Talk about a slow burner. As the miles slip by, this Blade SP inexorably grows bigger in my life – to the point where my attitude towards it has progressed from one of indifference and Guy Martin and John McGuinness-fuelled suspicion to one of desire. But, as you may have heard, there is a problem.
Quality is everywhere and, at £19k, so it should be. This is a Honda in the purest sense of the word: a beautifully packaged object that lights up the garage. I wouldn’t want to service it – imagine trying to extract a spark plug or just remove all the smoothing, stretched-tight bodywork, come to that – but I do love to clean it. Individual components like the minimalist TFT dash are perfectly judged.
I love its accuracy, too. Whether it’s holding an inch-perfect line at 164mph in Spa’s fearsome Blanchimont corner or nipping between two lorries on a clogged A14, its throttle response, its brakes, its steering are all… accurate. And every time I wheel it out of the garage it feels as blissfully compact and light as any 600 I’ve owned.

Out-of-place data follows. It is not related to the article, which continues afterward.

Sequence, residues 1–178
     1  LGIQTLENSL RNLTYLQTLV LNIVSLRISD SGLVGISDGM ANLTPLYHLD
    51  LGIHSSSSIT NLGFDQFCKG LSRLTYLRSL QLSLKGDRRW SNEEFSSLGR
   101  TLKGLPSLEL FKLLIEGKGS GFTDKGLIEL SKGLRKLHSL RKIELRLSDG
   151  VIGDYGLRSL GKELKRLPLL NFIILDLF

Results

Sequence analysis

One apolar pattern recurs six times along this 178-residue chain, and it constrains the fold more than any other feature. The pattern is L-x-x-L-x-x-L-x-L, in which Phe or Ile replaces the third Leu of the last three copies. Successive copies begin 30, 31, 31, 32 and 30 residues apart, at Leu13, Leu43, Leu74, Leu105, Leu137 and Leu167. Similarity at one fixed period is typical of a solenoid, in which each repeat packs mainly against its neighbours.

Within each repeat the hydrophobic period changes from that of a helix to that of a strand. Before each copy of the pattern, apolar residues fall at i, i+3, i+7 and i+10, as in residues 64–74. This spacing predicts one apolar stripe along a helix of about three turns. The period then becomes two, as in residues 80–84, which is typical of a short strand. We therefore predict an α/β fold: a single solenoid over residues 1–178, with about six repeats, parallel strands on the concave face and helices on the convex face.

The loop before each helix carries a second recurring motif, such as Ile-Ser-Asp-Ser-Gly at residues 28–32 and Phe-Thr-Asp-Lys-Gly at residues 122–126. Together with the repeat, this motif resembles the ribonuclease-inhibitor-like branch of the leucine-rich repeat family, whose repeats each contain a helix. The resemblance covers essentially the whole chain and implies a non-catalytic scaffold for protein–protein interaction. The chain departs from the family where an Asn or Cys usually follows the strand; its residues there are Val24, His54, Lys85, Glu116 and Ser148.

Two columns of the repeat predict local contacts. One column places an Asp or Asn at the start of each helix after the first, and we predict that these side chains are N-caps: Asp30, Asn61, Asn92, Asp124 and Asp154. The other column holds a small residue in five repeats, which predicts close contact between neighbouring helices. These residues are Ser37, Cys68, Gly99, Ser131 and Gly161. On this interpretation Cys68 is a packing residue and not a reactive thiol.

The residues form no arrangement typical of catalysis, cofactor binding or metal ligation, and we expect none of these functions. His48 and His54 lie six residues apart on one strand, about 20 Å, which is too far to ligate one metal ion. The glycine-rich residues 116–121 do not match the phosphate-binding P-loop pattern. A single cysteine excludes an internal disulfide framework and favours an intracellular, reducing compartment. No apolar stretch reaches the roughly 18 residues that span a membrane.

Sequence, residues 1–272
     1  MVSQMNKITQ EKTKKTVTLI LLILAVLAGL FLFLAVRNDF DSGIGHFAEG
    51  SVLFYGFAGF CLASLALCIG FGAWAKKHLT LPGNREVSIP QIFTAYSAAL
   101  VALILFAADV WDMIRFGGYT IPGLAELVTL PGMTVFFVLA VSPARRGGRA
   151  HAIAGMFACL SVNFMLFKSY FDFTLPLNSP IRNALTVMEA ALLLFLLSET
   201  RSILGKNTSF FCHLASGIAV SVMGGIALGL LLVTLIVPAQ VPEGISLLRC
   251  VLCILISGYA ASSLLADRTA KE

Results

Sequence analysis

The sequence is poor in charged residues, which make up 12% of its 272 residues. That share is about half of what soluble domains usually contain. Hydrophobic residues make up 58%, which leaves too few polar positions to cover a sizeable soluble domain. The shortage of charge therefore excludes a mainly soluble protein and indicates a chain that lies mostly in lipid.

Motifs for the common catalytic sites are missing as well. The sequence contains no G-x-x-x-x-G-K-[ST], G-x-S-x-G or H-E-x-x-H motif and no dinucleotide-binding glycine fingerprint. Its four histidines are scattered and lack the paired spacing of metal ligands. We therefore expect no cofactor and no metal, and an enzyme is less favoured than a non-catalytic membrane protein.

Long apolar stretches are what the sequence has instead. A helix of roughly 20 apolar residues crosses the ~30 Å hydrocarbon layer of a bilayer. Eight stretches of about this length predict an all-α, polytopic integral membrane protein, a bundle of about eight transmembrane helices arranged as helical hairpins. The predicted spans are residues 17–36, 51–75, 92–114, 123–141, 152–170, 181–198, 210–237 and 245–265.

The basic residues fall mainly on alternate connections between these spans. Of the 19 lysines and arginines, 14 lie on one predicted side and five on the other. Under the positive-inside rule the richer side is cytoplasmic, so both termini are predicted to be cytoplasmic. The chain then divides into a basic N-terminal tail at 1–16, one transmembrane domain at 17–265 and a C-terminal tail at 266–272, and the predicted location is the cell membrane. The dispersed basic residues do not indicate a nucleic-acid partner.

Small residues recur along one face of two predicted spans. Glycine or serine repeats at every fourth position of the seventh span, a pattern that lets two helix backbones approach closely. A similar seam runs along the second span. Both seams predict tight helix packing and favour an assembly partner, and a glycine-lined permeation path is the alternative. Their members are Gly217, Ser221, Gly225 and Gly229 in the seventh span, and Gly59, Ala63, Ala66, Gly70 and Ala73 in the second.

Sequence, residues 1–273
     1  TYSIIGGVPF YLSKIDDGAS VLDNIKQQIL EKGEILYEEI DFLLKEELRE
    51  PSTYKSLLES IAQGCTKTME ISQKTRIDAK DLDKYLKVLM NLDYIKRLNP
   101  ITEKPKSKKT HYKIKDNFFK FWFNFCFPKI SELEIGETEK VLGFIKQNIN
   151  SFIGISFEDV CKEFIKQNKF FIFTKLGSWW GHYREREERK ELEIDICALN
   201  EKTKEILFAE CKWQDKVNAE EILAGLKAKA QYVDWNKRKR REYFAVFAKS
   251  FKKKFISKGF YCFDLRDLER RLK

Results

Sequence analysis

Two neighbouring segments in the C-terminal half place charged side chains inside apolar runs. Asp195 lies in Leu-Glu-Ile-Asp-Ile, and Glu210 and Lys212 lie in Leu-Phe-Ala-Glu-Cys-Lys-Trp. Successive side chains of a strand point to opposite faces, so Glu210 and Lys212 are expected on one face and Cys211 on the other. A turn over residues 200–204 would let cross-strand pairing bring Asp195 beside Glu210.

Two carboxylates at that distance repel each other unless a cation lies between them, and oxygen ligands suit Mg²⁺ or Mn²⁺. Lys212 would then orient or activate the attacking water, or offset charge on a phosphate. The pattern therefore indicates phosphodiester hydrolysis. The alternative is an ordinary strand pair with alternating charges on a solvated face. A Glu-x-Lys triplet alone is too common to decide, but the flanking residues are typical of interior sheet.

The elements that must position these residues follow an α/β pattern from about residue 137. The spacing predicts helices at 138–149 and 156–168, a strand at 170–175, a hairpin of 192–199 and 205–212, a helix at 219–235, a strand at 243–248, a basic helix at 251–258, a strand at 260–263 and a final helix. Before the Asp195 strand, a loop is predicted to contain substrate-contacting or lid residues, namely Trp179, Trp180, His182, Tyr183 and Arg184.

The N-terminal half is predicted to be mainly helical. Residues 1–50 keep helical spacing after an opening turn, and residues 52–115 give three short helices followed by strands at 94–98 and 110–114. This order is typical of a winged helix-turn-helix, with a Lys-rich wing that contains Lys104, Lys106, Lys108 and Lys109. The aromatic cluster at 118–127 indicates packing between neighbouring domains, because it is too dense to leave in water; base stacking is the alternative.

The early Blades were, above all, great road bikes, with track considerations secondary -- and the new SP has an old-school regard for the road, too. Unlike many litre sportsbikes, virtually no engine heat reaches the rider. And how about a 150-mile cruising range? Or a riding position that spreads bodyweight just-so, allowing me to ride all day without pain.
The problem? This is a very loud bike; at high revs it blows most ride-by noise meters into the grass and has got me thrown off two expensive trackdays. Honda UK say they are working on a solution. Meanwhile, I’m urgently looking for an aftermarket can to make the Blade quieter – how weird is that?
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